Helen A. Gillette, 93, daughter of Harvey and Blanche Carpenter, died in Hilo on August 8. She was born May 24, 1921 on her parents farm near Wakeeney, Kansas. She had been a lifelong writer for various newspapers, but particularly the Anchorage Times. She graduated with a BA in English in 1942. In 1949 she hitched a ride to Anchorage, Alaska in a small airplane piloted by an Anchorage fireman. Initially she got work at the Spin-Inn, a cafe near Merrill Field. There she met Don Gillette, an airplane mechanic/pilot who had arrived in Anchorage the year before. They soon married--with many of the Anchorage firemen in attendance. Red Dodge, a local pilot, flew them down to the Kenai Peninsula where they landed on the highway. They had to walk a few miles to Fred Mullin's cabin, but a small school bus gave them a ride part of the way. They homesteaded 160 acres at the corner of Birch and Huffman. Their land, accessible only by jeep, was about the last parcel still available. Soon after arriving in Anchorage she became a reporter for the Anchorage Daily News. After the arrival of four children, Helen resumed her writing passion as a reporter for the Anchorage Times for several decades. In the 80s she began spending more and more time on Maui and developed a new writing career for local papers and magazines there. She particularly enjoyed writing human interest articles. Helen enjoyed being physically active her entire life. She had a great passion for downhill skiing, swimming, and paddling her Klepper boat. She enjoyed associating with people of all religious persuasions and was a lifelong Seventh-day Adventist. Survivors include beloved friend Dan Wahl, children Brian of Anchorage, Maia of Anchorage, and Lance and his wife Leola of Fairbanks; six grandchildren, and three great-granddaughters. Helen was preceded in death by Don Gillette, her eldest son Jack, and her brother Joe Carpenter.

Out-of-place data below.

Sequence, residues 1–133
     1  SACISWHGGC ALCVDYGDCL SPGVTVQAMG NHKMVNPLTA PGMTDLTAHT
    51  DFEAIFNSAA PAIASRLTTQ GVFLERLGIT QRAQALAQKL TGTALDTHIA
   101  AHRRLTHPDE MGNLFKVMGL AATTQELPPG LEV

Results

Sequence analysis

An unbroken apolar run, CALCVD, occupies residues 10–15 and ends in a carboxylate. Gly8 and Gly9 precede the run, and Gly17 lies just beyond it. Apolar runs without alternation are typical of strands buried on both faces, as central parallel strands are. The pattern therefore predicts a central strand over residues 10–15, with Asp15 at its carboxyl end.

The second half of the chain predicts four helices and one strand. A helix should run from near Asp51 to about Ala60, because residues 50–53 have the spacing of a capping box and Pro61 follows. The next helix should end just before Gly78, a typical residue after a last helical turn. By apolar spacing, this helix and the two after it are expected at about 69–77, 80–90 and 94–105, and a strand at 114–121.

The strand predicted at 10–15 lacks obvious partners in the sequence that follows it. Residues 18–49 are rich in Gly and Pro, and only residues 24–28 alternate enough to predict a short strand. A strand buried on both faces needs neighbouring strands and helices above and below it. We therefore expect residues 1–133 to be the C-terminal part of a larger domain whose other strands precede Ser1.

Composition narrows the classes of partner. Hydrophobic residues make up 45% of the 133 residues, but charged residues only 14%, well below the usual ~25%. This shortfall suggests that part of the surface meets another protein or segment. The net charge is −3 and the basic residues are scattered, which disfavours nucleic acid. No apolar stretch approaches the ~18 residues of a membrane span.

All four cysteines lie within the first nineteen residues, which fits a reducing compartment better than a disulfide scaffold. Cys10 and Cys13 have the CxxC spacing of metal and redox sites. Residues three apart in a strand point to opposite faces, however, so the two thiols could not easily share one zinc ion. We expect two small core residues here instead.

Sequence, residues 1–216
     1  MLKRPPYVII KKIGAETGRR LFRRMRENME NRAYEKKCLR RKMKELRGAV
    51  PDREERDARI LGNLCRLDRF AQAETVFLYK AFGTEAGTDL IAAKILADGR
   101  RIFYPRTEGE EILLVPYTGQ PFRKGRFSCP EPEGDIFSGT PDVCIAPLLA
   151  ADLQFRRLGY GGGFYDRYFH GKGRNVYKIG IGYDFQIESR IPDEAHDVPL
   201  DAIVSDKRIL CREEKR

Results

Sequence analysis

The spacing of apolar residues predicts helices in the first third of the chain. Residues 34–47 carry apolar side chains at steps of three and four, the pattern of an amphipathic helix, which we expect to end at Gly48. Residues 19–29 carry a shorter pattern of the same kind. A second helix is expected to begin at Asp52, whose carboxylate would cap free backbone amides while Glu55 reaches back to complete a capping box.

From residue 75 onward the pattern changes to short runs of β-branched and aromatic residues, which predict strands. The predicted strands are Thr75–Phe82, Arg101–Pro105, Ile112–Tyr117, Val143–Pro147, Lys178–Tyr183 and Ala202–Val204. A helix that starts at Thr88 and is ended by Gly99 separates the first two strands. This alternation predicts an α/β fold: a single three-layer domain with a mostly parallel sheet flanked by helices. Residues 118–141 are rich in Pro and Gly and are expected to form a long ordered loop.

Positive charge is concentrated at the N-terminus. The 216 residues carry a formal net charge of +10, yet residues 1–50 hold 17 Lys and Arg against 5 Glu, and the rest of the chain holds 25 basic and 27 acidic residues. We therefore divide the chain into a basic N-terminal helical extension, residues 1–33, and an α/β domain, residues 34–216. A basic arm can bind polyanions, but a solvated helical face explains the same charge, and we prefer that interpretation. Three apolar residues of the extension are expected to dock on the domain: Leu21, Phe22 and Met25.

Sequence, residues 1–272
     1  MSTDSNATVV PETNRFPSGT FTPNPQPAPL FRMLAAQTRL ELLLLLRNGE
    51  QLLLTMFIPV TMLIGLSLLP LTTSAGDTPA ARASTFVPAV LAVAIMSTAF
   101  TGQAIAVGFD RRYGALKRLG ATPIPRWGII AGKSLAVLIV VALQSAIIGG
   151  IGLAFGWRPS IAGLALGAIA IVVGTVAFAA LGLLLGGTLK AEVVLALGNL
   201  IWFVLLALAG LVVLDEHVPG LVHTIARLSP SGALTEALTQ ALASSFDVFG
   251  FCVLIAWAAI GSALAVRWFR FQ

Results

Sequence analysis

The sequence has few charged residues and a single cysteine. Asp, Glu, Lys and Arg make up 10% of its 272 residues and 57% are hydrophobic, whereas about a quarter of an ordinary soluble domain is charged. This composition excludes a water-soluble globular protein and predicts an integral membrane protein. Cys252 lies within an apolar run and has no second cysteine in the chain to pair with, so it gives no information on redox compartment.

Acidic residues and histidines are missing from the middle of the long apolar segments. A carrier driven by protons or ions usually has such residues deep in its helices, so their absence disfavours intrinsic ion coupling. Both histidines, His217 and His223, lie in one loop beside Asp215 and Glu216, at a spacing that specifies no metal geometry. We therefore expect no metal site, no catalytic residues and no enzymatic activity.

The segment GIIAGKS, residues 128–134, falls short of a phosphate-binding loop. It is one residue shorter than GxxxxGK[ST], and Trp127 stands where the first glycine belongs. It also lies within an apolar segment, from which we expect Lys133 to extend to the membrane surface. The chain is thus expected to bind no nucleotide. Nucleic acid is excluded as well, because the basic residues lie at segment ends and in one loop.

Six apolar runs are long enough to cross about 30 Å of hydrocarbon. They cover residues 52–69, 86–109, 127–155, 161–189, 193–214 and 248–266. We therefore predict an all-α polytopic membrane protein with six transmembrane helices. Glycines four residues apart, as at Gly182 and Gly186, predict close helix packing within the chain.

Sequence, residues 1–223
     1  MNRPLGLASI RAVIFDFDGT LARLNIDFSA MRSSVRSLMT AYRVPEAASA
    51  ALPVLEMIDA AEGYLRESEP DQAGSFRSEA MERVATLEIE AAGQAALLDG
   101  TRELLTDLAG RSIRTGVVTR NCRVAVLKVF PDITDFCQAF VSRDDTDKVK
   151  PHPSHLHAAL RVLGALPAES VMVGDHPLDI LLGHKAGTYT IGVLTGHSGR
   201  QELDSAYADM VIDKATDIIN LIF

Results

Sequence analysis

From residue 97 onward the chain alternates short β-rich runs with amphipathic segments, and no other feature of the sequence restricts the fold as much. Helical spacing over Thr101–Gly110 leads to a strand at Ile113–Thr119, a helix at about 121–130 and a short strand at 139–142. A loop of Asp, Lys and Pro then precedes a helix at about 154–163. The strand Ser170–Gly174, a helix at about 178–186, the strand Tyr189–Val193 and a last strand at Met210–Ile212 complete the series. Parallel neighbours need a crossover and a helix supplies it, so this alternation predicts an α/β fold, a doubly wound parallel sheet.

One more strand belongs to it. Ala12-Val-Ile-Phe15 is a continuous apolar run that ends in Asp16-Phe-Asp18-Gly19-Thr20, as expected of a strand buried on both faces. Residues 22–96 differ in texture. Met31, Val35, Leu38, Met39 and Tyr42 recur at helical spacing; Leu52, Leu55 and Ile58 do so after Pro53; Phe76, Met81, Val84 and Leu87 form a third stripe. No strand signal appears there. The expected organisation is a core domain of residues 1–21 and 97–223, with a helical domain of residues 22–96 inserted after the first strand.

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Published in Alaska Dispatch News on Aug. 17, 2014